Acute cerebellar ataxia is a disorder of the nervous system. It is the sudden onset of a disturbance in coordination. The cerebellum is the part of the brain that plays an important role in balance and coordination. It does not function properly in the case of cerebellar ataxia.
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Acute cerebellar ataxia may be caused by genetics, viral infections, autoimmune disorders, or injury. In some cases, the cause is unknown.
Acute cerebellar ataxia is more common in young children, but it can occur at any age. Other factors that may increase your risk of acute cerebellar ataxia include:
Recurrent acute cerebellar ataxia may marked by periods of inactivity and flares. Factors that may increase your chance of recurrent acute cerebellar ataxia include:
Acute cerebellar ataxia may cause:
You will be asked about your symptoms, and your medical and family history. A physical exam will be done.
Your bodily fluids may be tested. This can be done with:
Images may be taken of your bodily structures. This can be done with:
Your nerve function may be tested. This can be done with a nerve conduction study.
The electrical activity of your muscles may be tested. This can be done with an electromyography (EMG).
The ataxia that occurs in children can often can go away in a few months without any treatment. In cases where an underlying cause is identified, the cause will be treated.
In some cases, you may have continuing and disabling symptoms. Treatment includes:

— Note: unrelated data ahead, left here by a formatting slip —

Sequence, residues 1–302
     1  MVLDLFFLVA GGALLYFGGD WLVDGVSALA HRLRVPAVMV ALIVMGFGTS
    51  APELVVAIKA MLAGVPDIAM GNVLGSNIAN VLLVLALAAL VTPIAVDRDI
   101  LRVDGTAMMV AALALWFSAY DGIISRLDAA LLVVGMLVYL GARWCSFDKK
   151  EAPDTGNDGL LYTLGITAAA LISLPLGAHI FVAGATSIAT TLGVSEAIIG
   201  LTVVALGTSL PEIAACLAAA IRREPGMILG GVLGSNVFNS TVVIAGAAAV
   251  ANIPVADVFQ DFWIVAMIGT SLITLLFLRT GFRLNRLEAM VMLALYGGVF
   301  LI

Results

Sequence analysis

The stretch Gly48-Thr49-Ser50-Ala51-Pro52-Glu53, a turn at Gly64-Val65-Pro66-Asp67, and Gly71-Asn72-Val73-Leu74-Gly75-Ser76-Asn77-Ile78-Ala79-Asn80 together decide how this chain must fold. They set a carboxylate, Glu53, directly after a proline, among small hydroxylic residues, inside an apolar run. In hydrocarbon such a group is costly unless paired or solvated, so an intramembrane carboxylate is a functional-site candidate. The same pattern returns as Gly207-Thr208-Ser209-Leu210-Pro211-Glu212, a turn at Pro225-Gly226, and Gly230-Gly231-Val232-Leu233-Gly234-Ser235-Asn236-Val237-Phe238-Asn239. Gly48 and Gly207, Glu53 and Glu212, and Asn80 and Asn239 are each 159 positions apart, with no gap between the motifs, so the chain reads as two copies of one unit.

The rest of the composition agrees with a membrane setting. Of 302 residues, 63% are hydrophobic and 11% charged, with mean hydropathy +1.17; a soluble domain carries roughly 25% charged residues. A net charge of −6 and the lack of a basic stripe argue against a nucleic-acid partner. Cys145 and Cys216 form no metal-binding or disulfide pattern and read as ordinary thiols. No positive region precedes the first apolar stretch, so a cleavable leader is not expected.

Occupational or physical therapy may also be needed. Changes to diet and nutritional supplements may also help.
National Ataxia Foundation
National Institutes of Neurological Disorders and Stroke
Canadian Institutes of Health Research
Cerebellar ataxia. EBSCO DynaMed Plus website. Available at: http://www.dynamed.com/topics/dmp~AN~T901170/Cerebellar-ataxia. Updated November 24, 2014. Accessed September 27, 2016.
Cerebellar disorders. Patient UK website. Available at: http://www.patient.co.uk/doctor/cerebellar-disorders. Updated July 29, 2014. Accessed November 18, 2014.
FAQ. University of Chicago Ataxia Center website. Available at: http://ataxia.uchicago.edu/page/faq. Accessed November 18, 2014.
Ishikawa N, Kobayashi M. Recurrent acute cerebellar ataxia associated with anti-cardiolipin antibodies. Brain Dev. 2010;32(7):588-591.
Mehta SH, Morgan JC, et al. Paraneoplastic movement disorders. Curr Neurol Neurosci Rep. 2009;9(4):285-291.
NINDS encephalopathy information page. National Institute of Neurological Disorders and Stroke website. Available at: http://www.ninds.nih.gov/disorders/encephalopathy/encephalopathy.htm. Updated November 9, 2010. Accessed November 18, 2014.
Stumpf DA. Acute ataxia. Pediatr Rev. 1987;8(10):303-306.
Last reviewed November 2015 by Rimas Lukas, MD
Please be aware that this information is provided to supplement the care provided by your physician. It is neither intended nor implied to be a substitute for professional medical advice. CALL YOUR HEALTHCARE PROVIDER IMMEDIATELY IF YOU THINK YOU MAY HAVE A MEDICAL EMERGENCY. Always seek the advice of your physician or other qualified health provider prior to starting any new treatment or with any questions you may have regarding a medical condition.
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